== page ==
This week, I have challenged the Senior School students to consider the importance of making mistakes. After sharing some of my imperfections, too many to list here, I talked to them about the fact that it is not the mistake that matters, it is what you do with the mistake that makes all the difference.
The pressure to be perfect has never been felt to the same extent by any previous generation. A simple glance at a photo of yourself at fifteen, compared with the perfect images created by our children on Social Media where filters smooth skin and add perfect lighting, only serves to highlight that an expectation of perfection has been created. And perfection, or the quest for its attainment, can be a major inhibitor for success. Allowing adolescents to make mistakes, without rescuing them, encourages them to develop skills in resilience so that learn how to rectify the mistakes; how to apologise, how to take responsibility, how to accept the consequences and most importantly, how to move on.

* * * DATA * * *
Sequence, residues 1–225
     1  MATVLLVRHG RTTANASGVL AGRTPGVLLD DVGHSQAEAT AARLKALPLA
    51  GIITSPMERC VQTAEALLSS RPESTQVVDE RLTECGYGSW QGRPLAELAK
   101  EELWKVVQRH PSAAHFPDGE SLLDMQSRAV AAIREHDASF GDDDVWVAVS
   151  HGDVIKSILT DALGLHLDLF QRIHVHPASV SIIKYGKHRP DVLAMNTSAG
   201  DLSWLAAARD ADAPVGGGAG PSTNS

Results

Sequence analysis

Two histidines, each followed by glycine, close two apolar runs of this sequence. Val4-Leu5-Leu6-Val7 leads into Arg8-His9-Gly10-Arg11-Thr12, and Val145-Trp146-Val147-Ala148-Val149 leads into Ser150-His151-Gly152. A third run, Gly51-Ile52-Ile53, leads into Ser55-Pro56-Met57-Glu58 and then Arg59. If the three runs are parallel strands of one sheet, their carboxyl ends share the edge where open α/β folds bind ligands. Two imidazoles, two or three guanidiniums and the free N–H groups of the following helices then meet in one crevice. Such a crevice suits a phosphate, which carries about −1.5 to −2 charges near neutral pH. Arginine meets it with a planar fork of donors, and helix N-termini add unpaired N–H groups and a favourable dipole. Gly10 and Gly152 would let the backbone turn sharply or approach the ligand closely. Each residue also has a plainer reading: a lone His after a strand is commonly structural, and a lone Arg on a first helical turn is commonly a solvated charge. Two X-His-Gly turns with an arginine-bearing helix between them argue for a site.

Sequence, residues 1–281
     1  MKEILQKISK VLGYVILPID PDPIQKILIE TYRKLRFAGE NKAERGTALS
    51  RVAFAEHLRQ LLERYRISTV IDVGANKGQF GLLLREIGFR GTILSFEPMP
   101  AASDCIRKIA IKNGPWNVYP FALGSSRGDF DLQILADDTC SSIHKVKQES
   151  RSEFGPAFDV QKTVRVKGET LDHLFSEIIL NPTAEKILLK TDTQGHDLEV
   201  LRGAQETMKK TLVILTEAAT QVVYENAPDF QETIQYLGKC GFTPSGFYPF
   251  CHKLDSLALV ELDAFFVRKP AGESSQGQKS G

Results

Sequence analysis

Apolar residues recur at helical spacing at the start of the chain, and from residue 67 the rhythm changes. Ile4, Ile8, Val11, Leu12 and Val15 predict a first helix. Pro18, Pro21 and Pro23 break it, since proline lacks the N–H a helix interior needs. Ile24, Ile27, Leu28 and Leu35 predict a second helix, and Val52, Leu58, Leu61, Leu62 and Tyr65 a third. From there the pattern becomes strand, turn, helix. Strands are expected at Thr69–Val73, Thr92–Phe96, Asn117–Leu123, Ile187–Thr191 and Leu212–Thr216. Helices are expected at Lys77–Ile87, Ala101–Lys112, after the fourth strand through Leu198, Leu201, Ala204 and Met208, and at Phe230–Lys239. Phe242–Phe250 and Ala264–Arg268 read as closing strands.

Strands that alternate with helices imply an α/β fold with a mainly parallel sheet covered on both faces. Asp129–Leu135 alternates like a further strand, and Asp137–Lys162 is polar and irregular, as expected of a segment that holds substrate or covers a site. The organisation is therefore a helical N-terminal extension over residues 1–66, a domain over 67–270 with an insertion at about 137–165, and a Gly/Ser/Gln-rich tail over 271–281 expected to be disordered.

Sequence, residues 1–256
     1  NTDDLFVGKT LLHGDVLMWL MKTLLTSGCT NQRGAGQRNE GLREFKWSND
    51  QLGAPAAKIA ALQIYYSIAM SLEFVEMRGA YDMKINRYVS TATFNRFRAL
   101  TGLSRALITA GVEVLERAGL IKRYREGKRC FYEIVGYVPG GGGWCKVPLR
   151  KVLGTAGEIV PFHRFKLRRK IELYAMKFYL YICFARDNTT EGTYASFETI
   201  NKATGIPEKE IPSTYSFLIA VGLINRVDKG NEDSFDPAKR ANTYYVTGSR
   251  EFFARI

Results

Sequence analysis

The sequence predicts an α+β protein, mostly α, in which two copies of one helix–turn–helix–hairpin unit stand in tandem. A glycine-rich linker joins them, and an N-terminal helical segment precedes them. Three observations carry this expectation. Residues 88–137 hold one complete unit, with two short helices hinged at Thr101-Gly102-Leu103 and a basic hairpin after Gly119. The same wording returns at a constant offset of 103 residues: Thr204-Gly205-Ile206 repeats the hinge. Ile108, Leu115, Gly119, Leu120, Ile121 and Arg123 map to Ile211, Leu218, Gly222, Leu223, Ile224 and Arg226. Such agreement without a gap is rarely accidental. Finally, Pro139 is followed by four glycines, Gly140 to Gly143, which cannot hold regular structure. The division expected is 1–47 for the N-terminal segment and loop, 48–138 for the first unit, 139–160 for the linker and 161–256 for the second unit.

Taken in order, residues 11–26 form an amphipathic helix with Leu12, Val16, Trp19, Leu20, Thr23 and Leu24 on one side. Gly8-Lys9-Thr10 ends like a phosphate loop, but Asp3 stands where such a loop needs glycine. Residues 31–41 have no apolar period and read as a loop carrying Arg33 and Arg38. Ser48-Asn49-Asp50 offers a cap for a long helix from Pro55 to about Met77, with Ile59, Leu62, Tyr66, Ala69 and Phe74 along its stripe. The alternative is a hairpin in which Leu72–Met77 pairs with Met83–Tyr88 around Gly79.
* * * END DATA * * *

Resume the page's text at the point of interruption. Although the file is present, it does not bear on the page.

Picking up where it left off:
‘Brave not Perfect’ is one of the mantras I share with students. This TED talk focuses on the need for females to strive for bravery, not perfection, but the messages are relevant for all adolescents.
As we strive for better results across all areas, it is essential to consider the importance of a growth mindset that accepts errors and recognises these moments as opportunities to do better.
A reminder that Sports Day is next week on Wednesday 14 March. This is a compulsory school day and provides an excellent opportunity for students to embrace the mantra of being brave not perfect. Participation, even when not an athlete, provides connection to team and School, boosting wellbeing and health. Students will be dismissed from St John’s Grammar when the buses return, at approximately 3pm.
Deputy Principal and Head of Senior School